• 9. Euthyphro  |  November 29, 2007 at 1:00 am

    The Bible has as much place in schools as other historical literature, as long as it is taught as such. Should students be shielded from other classic literature which depicts violence or promotes controversial ancient ideologies? Say goodbye to the works of Homer. Forget about Plato. Where do you draw the line?

  • 10. Quester  |  December 15, 2007 at 3:24 am

    In what public school have you been reading Homer and Plato?

  • 11. Christoff  |  December 18, 2007 at 8:27 pm

    The Bible is interesting, and valuable to study
    as History, as Myth, as Literature. I firmly believe that a stronger emphasis should be placed on the study of the Bible and the stigma associated with it by secular peoples who argue against it on religious grounds.

    Children in public school, however, do not study, they learn. There is no way to allow the Bible to be taught to children without risking impartiality from teachers. The Bible does contain morality stories, but the state of religion in this country is such that there would be serious confusion in a child’s mind.
    For example

    Teacher: And then God told Noah–
    Little Sammy: Like he spoke from the sky?
    Teacher: Yes
    Little Sammy: Is God real?
    Teacher: …….

    High school is an excellent opportunity to study the Bible. A teenager is capable of reading the Bible objectively, whatever their background. They could be tested on content, as one would be for any other book, write essays about the interpretations of the Book of Isaiah, and compare Flood Myths among several religions. This is good educational, with profound real world meaning.

    I would be amused if this system became popular, because I imagine religion would decline, and parents would still blame the teachers.

    (message on Bible in schools ends here, the following is me basically laying into Christianity, read at your will, but thanks for getting this far)

    To “Jsummer” who writes, “First, read Romans 15:4 to see that the old testament is there for our learning, not written TO us in this, the age of grace.”

    This is true, but the LEARNING is still representative of what God supposedly is. It is supposedly literal history, and I don’t think that the definition of God supports an entity that changes his opinions over time. What he presents himself as is a petty and bigoted dictator. Sure, all we need to do is “STUDY THE BIBLE AND TO BE APPROVED BEFORE GOD”, but his standards are the same as the guy who required his followers to isolate menstruating women and who got off on animal sacrifice and public stonings.

    Jesus was a cool dude, very similar to some of the greatest human beings that we actually do have proof of, but I can’t help but think that his dad must have been pretty pissed off at him. That’s probably why he had him crucified.

  • 12. Joe  |  December 19, 2007 at 2:12 am

    Ok fine teach it as you would the Greek gods, Roman gods, Egyptian gods AS A MYTH. Mentioning some of the high points as they relate to literature is fine, but you’ve really got to clearly state that belief in this stuff is just another superstition. In reality it has had an effect on our history, but let’s not overstate it’s importance. People may use it as atool, but they are driven by much more simple motives than superstition/

  • 13. TheDeeZone  |  December 19, 2007 at 4:11 am

    The de-Convert,

    I have taught Bible in Christian middle school & high schools. Aside from the beatuitudes most of the passages you mentioned were not covered in our curriculum and certainily would not be taught on an elementary level.

    Teaching Bible in a public school is something I have not supported in the past. Recently, I heard about the Bible Literacy project. It is a high school level and seeks to teach the Bible as history and litature.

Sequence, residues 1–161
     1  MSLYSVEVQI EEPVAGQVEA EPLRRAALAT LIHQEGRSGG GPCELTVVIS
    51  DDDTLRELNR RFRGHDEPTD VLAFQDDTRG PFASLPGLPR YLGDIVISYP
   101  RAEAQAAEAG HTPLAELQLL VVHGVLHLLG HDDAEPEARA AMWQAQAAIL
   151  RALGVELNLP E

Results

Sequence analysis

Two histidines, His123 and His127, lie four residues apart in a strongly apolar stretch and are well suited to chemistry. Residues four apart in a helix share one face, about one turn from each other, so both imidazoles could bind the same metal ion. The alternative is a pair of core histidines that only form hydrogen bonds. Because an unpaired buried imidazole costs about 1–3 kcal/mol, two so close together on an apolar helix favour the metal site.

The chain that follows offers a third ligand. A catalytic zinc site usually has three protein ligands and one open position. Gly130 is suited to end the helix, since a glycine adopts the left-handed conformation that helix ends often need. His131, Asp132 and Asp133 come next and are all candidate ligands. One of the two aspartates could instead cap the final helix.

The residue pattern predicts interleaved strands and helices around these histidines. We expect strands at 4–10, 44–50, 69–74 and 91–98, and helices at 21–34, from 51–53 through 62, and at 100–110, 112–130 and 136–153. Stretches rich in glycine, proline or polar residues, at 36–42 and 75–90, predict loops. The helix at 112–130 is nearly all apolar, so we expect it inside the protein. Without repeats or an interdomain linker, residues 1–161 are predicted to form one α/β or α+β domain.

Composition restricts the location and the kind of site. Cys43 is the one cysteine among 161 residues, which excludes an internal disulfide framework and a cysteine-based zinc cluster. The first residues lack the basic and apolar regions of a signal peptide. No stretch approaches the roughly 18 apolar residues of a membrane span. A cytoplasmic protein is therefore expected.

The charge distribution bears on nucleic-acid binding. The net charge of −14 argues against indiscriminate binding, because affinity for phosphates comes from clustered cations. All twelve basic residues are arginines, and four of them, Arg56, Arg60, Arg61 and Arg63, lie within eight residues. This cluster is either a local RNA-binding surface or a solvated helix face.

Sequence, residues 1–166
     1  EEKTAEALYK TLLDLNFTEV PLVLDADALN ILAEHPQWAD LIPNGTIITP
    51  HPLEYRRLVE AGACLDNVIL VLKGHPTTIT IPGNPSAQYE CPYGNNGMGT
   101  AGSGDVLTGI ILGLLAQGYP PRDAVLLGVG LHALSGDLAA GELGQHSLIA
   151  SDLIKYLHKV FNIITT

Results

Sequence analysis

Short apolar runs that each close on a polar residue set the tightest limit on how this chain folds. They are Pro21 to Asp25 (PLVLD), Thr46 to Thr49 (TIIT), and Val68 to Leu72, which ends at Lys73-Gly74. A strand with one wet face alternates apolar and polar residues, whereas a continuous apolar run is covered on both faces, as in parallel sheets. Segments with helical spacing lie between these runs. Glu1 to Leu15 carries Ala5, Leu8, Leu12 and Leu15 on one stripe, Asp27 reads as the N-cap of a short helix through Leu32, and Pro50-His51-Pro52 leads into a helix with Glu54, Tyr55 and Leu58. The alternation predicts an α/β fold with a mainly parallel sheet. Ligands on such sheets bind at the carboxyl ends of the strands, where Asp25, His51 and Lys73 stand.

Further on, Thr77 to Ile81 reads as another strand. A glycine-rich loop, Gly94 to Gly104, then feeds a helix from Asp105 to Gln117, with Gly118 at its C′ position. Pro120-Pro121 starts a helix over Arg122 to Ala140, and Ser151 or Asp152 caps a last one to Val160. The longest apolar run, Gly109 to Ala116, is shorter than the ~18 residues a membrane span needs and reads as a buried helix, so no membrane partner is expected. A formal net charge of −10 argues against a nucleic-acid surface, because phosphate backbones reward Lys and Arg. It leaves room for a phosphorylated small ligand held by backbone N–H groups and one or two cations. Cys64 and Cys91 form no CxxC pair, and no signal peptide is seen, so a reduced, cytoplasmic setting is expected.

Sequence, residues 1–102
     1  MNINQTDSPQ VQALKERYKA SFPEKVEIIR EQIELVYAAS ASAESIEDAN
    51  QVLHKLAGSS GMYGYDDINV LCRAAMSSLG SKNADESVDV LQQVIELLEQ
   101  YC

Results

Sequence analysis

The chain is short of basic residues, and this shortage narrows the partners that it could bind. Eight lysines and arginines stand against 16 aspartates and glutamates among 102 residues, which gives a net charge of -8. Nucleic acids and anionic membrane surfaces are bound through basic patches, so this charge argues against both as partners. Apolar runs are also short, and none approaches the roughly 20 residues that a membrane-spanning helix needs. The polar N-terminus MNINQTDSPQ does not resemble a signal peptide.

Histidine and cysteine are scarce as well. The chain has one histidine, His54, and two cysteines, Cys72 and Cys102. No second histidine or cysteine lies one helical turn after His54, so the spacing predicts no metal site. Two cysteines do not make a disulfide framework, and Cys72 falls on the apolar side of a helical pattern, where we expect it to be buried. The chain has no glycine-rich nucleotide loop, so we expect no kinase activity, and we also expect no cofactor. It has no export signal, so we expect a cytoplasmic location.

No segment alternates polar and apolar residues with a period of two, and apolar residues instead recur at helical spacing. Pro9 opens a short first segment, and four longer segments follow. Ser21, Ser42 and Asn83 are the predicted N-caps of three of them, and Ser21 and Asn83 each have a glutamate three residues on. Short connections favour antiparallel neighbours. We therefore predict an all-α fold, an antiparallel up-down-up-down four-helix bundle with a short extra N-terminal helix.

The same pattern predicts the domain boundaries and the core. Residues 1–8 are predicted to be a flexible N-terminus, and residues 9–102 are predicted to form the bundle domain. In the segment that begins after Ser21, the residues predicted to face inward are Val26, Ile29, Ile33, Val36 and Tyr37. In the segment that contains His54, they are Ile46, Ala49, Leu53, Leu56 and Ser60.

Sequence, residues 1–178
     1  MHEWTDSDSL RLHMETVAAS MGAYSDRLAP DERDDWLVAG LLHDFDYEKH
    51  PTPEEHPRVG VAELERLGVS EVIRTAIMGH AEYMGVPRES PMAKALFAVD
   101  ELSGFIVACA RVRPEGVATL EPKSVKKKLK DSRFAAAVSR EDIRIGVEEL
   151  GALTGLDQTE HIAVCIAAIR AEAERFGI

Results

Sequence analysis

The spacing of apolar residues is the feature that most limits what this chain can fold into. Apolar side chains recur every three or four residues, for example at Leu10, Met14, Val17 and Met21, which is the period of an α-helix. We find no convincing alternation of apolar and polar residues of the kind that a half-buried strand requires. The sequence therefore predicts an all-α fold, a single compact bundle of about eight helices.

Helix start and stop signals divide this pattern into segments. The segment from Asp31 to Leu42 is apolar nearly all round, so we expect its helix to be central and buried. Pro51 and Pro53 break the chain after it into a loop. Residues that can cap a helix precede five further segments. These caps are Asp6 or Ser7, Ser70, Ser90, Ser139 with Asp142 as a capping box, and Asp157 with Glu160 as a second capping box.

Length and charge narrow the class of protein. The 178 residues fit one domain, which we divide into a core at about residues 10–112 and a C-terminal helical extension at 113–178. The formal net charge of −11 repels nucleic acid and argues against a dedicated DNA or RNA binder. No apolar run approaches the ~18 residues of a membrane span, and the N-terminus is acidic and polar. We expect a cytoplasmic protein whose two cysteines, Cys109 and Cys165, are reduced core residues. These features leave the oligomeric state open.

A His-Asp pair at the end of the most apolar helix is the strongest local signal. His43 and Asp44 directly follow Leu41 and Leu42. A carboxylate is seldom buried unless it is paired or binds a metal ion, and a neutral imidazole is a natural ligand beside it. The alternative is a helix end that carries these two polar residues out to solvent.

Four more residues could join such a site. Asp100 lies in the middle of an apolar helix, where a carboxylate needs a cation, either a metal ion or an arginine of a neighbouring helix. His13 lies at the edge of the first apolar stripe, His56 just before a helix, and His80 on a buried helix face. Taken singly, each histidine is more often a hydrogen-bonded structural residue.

As a Christian my major opposition to teaching the Bible or Christianity in public schools is that if the Bible were taught then equal time would have to be given for the Qaran or other holy books. Since I would not want my child to be forced to study Islam or Hinduism. I must then assume that Muslim or Hindu would have a similar postion.

  • 14. LeoPardus  |  December 19, 2007 at 12:45 pm

    My friends and workmates from the UK all tell me about the Bible being taught in school.

    My friends and relatives from Scandinavia all tell me about the Bible being taught in school.

    The UK, Sweden, and Denmark have some of the lowest church attendance and highest “self identified atheist” percentages in the world.

    If diminishing Christianity is anyone’s goal, I say, “Go with what’s been proven to work.”

  • 15. TheDeeZone  |  December 31, 2007 at 10:55 am

    The de-Convert,

    The passages you mentioned are not the types that would be covered in the course I refered to in my blog. It deals with the major Bible narratives as well as reading works by Milton, Shakespear and others that reference them.


  • 16. The de-Convert  |  December 31, 2007 at 11:26 am


    Teaching the Bible as narrative and examining the different types of literature etc. in the Bible is a fantastic teaching tool. It is, after all, a very fascinating book. The issue that comes into play, that is hard to separate for so many, is when they view it as “God’s Word” and believe it carries a certain weight that it doesn’t. It is a great book for it’s time with great stories, tragedies, myths, etc. If viewed in that light, it’s actually quite an impressive work.


  • 17. silentj  |  September 29, 2008 at 5:47 pm

    RE: folks concerned about teaching the Bible with impartiality.

    We have laws in place that do not allow teachers to say one political view is better than another or to endorse candidates publicly. However, we still teach politics and discuss the issues.

    We can teach the Bible and remain impartial. The Bible is the single most influential piece of literature in U.S. history. We should include it in the curriculum, monitoring how it’s taught just like we would politics, sexuality, or any other potentially dangerous topic.

  • 18. silentj  |  September 29, 2008 at 5:54 pm

    sorry… that last post should say “endorse candidates in public schools.”